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How Big of a Tankless Water Heater Do I Need: [Find Actual Size]

You’re buying a new water heater for your home but you don’t have any idea how big it should be.

Well, don’t worry. The answer to “how big of a tankless water heater do I need?” depends on many factors.

For example, your location, the GPM, and the number of people who live at your place will determine how big your on-demand water heater needs to be.

To help you choose the right tankless water heater, we’ve made a simple section with all the factors you need to know to size one. Let’s take a look to learn more.

Benefits Of Installing A Tankless Water Heater

Getting a tankless water heater has many benefits, including saving money, ease of use, and space.

But that’s vaguely scratching the surface. Here’s a quick overview of all the benefits:

Performance

You’ve probably seen how much money manufacturers put into advertising how efficient tankless water heaters can be.

And they’re not wrong; tankless water heaters are way more efficient than the average tank.

For example, the main benefit is that you have close to never-ending hot water at home.

Even if somebody takes a long shower, you’ll probably still have hot water by the time you get in the shower.

That limitless hot water is by far the most significant advantage you get from using one of these units.

On the other hand, conventional tank water heaters take forever to accomplish the same results.

If somebody spends too much time in the shower, by the time they get off the shower, you won’t have any hot water left.

Longevity

Performance is an overall benefit. But have you ever thought about the time your tankless water heater will be by your side?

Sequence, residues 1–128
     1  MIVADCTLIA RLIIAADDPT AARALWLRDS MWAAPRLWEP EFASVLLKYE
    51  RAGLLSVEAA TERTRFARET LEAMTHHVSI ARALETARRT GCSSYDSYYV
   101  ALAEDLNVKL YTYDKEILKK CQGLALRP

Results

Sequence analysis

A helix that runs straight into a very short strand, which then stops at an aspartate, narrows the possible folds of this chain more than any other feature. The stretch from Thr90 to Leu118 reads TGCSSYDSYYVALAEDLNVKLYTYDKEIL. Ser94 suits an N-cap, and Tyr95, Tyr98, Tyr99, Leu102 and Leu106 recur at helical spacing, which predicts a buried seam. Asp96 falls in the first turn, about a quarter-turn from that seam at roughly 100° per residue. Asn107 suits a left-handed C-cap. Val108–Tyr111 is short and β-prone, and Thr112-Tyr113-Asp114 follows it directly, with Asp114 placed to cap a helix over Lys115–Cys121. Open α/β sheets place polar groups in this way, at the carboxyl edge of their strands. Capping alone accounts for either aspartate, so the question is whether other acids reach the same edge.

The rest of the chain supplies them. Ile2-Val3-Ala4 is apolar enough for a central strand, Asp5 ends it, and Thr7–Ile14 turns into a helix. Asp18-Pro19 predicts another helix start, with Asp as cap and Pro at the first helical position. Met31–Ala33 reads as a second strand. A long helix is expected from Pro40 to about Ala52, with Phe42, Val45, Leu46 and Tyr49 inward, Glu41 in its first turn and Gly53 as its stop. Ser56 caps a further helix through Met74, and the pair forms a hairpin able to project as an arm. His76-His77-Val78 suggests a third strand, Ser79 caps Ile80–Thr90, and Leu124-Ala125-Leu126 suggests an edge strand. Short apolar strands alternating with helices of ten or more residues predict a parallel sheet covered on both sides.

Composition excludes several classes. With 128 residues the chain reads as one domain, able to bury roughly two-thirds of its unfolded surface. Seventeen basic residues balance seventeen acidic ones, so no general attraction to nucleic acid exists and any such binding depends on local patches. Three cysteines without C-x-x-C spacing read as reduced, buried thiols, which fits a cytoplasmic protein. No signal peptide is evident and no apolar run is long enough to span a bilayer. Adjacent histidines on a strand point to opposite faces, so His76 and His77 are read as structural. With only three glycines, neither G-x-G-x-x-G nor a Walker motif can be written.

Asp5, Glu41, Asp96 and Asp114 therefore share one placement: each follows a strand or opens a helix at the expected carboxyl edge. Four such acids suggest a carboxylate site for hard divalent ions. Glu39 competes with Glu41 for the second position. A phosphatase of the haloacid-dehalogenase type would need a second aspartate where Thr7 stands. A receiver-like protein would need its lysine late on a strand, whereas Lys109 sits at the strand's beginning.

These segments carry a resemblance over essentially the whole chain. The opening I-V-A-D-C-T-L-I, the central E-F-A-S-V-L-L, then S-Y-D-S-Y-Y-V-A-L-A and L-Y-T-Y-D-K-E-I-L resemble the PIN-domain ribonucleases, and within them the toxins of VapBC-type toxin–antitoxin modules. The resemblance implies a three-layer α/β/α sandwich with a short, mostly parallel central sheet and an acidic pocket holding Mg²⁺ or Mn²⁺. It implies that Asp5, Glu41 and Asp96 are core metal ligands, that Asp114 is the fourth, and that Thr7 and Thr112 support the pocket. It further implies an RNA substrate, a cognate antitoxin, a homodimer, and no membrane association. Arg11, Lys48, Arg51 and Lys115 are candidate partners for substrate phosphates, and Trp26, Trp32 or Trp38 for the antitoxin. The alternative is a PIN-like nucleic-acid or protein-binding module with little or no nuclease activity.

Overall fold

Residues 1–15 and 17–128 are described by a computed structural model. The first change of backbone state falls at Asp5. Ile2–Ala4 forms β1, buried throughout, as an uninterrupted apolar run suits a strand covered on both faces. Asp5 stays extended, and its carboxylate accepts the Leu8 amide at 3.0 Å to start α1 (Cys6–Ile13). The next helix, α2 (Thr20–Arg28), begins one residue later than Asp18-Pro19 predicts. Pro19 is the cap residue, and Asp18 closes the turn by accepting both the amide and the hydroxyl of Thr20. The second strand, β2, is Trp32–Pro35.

An on-demand water heater can generally last anywhere from 15 to 20 years.

You might stretch it out, but those numbers are where these units tend to face some technical issues.

To put it into perspective, a regular tank’s average lifespan is about 7-12 years.

Space

Is a tankless water heater worth it? There are various benefits to installing a tankless water heater, and one of them is the space.

They take a lot less space than other traditional tanks.

If you’ve ever looked at the size of a standard tank, you know how big those things can be.

On the other hand, tankless water heats are relatively small, meaning you can hang them in the wall or anywhere without taking up unnecessary space.

Better Value For Money

If you use a lot of hot water, a tankless water heater will save you lots of money in the long.

While it is true that it’s a lot more expensive upfront than a standard tank, it’s worth the investment over time.

Furthermore, if you ever want to upgrade your model, the installation process will be a lot quicker.

You can take off the old one and put in the new one without spending unnecessary time, which can save you big bucks.

No Water Leaks

Any homeowner with a standard tank water heater knows how these units get corroded over time.

Now, there are plenty of reasons why your tank is getting corroded.

It could be due to a poor soldering job, two dissimilar metals contacting each other, or a water leak.

Nonetheless, this is a corning problem.

This issue can lead to leaks and flooding over time.

Luckily, tankless water heaters don’t face this as often as they do not have a tank.

So, there’s a high chance you’ll never experience flooding.

Safety

Ever read on the news how somebody died after the tank went off? This is pretty rare, but it definitely happens.

The water heater can go off if you disable the emergency pressure valve—the pressure will build-up, which will blow up the water heater.

This mere thought is enough to turn most people off from getting one at all.